Anxious times: behavioural and commercial studies sketch impact of inflation | WARC | The Feed
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Anxious times: behavioural and commercial studies sketch impact of inflation
Studies from across the UK and US reveal grim perceptions of people’s future prospects as the pandemic’s long-term effects continue to weigh on young people, and high levels of inflation hamper optimism.
Why it matters
Inflation is biting across the world – this has precipitated shifts in attitudes, behaviour, and spending. Some of the statistics point to desperation not only among the poorest but signs that a majority are feeling the pinch.
Find all of WARC’s reports and analysis on the economic situation at our hub on WARC Strategy.
Youth in crisis
A study from the Prince’s Trust charity in the UK looks at the ‘Class of Covid’ and finds that not only has the pandemic caused profound harm to young people’s prospects, but that the economic and political turbulence that has followed now weighs on them every day. Based on 2,002 respondents aged 16-25:
- 49% feel anxious about the future on a daily basis
- 51% feel their aspirations for the future are lower as a result of global events since 2020
- 51% agree that economic trouble makes them worry for job security
- 58% worry the cost-of-living crisis will prevent them from reaching their goals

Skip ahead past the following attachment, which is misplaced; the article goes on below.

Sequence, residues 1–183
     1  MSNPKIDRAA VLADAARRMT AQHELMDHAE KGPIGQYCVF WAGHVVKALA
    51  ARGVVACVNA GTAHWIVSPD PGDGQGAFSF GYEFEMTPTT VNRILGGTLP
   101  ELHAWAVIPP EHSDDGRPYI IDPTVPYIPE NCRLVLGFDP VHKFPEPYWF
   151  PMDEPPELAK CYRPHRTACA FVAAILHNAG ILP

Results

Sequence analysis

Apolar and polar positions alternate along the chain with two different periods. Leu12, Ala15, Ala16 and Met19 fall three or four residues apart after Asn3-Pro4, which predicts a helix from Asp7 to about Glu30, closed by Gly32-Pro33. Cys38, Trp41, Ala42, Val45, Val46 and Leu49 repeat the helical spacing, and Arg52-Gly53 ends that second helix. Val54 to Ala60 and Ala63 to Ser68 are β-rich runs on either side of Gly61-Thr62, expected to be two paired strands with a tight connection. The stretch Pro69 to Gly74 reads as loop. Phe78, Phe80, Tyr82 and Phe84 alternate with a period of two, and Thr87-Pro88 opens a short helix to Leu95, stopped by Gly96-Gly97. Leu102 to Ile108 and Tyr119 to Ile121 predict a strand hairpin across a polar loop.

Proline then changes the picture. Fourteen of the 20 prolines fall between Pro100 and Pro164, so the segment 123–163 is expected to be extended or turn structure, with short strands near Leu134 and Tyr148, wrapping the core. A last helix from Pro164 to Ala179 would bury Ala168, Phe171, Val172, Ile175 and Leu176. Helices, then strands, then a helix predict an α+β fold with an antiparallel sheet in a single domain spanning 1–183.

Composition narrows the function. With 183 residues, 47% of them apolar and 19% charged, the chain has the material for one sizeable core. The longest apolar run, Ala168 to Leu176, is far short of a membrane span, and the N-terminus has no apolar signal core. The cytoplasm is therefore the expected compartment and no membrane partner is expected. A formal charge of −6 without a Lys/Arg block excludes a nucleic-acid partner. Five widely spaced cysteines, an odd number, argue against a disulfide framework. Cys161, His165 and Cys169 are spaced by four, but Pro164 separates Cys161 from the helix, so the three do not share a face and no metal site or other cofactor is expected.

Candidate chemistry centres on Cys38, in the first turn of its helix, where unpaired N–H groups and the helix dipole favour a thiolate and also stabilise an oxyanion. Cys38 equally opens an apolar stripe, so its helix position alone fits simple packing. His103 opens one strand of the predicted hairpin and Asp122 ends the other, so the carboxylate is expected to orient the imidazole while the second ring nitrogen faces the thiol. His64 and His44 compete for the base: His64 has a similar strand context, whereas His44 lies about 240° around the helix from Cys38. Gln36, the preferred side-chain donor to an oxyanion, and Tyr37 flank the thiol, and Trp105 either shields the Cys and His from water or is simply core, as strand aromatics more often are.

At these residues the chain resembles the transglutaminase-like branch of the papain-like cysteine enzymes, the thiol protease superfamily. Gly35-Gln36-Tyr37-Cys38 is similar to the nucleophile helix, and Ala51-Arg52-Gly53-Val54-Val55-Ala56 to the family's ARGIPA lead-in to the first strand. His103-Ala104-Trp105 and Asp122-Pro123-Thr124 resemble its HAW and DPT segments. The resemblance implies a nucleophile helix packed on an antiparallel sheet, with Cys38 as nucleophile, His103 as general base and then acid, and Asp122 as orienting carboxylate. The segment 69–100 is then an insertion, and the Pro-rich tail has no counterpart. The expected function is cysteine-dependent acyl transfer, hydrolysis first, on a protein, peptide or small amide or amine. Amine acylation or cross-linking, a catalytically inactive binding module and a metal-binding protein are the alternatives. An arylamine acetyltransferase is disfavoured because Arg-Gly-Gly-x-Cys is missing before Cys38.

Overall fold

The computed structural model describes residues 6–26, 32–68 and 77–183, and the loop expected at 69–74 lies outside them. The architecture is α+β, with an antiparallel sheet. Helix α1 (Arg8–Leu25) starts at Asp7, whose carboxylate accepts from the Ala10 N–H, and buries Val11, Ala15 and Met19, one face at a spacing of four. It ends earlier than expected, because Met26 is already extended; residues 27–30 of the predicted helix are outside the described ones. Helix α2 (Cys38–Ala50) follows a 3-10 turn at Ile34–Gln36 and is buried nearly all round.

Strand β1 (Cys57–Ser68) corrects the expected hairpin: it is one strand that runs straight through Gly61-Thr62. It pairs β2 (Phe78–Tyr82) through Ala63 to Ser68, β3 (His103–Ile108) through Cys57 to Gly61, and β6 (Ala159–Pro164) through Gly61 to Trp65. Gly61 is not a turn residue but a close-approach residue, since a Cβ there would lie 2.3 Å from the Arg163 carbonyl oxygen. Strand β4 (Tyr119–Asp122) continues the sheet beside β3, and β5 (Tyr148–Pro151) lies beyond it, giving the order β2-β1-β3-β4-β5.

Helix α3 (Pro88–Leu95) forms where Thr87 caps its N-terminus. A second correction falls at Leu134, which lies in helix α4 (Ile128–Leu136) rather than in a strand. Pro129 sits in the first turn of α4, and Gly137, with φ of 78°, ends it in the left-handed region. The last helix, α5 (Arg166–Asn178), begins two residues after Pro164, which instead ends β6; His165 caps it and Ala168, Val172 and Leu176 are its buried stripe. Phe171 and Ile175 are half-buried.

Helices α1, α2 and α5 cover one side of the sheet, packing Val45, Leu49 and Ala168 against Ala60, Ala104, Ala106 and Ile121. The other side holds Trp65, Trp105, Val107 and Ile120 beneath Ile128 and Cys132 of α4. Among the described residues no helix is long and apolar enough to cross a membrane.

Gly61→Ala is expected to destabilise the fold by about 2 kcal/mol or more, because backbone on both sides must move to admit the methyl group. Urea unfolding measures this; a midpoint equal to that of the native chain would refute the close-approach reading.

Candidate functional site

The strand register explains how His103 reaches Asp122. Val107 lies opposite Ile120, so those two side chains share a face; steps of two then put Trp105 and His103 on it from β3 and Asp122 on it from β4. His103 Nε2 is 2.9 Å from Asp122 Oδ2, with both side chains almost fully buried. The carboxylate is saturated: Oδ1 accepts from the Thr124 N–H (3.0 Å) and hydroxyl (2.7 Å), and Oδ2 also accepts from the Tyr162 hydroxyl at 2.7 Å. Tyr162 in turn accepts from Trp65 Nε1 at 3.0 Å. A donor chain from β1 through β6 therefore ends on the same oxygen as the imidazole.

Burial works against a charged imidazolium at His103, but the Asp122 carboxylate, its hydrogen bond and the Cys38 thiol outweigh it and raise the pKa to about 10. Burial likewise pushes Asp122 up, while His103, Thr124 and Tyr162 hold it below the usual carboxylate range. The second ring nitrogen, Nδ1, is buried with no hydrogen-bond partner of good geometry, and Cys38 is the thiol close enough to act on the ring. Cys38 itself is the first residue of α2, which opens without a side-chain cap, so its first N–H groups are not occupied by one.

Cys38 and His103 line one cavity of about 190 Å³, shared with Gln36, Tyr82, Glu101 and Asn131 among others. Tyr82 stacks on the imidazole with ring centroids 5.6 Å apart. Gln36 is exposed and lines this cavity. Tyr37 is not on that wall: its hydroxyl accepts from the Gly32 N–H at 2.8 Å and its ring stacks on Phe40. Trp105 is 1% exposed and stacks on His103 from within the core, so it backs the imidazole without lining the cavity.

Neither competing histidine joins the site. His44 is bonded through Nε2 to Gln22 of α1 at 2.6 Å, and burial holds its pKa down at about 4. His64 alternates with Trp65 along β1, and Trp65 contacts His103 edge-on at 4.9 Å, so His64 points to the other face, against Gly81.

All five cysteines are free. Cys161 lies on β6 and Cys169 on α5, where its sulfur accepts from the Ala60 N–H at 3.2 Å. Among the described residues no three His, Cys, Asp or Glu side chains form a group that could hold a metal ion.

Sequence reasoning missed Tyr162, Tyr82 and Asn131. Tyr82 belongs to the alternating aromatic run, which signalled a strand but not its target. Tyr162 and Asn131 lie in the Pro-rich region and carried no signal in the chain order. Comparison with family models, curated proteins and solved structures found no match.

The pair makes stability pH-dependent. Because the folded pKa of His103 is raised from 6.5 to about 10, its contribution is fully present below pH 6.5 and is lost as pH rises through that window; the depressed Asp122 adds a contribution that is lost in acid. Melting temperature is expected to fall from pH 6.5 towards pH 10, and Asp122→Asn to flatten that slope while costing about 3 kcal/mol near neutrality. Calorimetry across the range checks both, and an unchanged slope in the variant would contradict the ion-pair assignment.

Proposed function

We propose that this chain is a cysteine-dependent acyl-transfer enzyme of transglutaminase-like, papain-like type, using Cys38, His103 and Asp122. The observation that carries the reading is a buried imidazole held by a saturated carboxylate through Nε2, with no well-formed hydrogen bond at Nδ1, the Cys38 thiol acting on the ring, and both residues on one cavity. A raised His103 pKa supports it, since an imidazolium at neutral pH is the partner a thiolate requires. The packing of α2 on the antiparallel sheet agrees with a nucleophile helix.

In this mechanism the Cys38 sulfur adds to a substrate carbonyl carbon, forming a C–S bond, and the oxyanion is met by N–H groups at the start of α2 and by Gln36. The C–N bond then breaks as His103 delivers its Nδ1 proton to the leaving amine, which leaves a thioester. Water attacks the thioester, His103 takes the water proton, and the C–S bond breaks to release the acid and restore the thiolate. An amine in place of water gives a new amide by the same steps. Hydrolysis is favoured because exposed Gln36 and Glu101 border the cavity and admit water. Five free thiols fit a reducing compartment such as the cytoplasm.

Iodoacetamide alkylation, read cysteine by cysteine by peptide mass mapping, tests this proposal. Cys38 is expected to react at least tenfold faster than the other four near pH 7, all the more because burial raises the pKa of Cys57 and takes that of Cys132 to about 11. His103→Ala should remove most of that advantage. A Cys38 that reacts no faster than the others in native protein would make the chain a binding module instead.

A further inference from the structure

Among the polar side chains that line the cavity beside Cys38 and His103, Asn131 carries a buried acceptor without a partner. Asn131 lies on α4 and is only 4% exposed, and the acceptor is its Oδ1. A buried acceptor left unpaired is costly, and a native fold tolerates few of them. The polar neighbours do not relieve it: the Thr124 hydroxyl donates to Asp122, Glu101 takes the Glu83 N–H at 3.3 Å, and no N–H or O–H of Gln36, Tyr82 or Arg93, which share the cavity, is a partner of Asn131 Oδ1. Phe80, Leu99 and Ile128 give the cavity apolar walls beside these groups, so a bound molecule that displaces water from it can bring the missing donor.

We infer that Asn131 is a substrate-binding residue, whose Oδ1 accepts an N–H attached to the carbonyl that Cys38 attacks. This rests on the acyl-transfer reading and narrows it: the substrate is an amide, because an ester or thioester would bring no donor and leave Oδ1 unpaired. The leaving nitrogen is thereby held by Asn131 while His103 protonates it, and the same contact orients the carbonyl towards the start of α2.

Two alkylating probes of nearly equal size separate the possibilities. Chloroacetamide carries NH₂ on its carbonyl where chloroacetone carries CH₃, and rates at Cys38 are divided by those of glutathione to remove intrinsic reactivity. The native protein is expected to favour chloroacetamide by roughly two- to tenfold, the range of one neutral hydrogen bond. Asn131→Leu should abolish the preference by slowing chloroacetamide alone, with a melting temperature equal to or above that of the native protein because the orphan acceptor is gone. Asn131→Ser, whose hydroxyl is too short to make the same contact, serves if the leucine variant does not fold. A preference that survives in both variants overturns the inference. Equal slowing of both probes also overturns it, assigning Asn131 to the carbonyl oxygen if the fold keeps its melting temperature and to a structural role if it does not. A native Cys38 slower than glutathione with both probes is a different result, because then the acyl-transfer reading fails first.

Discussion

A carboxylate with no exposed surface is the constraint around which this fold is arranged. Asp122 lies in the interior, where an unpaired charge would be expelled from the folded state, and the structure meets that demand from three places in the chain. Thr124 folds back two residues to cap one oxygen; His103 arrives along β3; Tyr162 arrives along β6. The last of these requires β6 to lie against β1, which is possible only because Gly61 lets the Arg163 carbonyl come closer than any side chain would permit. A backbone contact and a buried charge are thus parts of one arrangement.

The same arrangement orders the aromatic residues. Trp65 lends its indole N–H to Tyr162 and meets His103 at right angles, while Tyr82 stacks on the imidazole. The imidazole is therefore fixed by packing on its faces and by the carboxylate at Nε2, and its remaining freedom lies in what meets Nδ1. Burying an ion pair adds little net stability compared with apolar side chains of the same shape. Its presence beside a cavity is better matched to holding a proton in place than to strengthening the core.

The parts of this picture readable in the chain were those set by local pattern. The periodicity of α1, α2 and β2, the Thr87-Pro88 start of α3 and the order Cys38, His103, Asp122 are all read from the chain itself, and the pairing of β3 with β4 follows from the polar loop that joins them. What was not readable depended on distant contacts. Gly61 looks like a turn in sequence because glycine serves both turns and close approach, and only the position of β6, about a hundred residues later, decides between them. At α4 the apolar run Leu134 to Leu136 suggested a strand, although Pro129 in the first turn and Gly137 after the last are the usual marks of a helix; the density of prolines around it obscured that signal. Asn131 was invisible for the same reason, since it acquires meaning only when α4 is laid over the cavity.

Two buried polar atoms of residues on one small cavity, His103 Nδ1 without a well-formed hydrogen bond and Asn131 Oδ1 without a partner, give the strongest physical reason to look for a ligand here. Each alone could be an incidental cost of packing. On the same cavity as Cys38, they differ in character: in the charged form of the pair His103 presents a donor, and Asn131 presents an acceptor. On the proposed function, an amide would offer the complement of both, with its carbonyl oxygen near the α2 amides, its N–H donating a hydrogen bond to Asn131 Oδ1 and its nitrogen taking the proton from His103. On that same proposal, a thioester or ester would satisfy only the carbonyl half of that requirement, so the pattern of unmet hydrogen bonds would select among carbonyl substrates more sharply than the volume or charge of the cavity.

- 35% feel their life is spiralling out of control
But perhaps the most worrying statistic is that over a third (35%) say their salary no longer covers their rent or mortgage.
A deeper set of problems
This chimes with the broader impact of the cost-of-living crisis on society, according to research from the Centre for Social Justice think tank shared at the Conservative Party conference this week.
It reports that some of the lowest income households end up paying a “poverty premium” – think pre-payment gas and electric meters that cost far more than direct debit systems – and that these people are often far more likely than the rest of society to look to gambling so they can make extra money and are slightly more likely to drink alcohol in order to cope.
Across the pond
Meanwhile, in the US, consumer research firm dunnhumby finds that Americans believe food inflation to be almost 10 points higher than it is in reality. Yet, this reflects a deeper issue: that people are living very precariously, even desperately.
- 64% of US consumers in the study would have difficulty covering an unexpected expense of $400 or more (up 4 percentage points since May).
- Elsewhere, hunger is increasing: 18% report not getting enough to eat, while 31% report skipping or reducing meals.
From a commercial lens, dunnhumby’s research shows a slight increase in dollar store use (up two points since May to 19.9%).
Trading down is now mainstream; 83% of respondents say they are looking for cheaper alternatives in at least one category. Top three trade-down categories are packaged food (53%), common household products (52%) and frozen food (42%).
Sourced from Prince’s Trust, dunnhumby, Centre for Social Justice (via Twitter)
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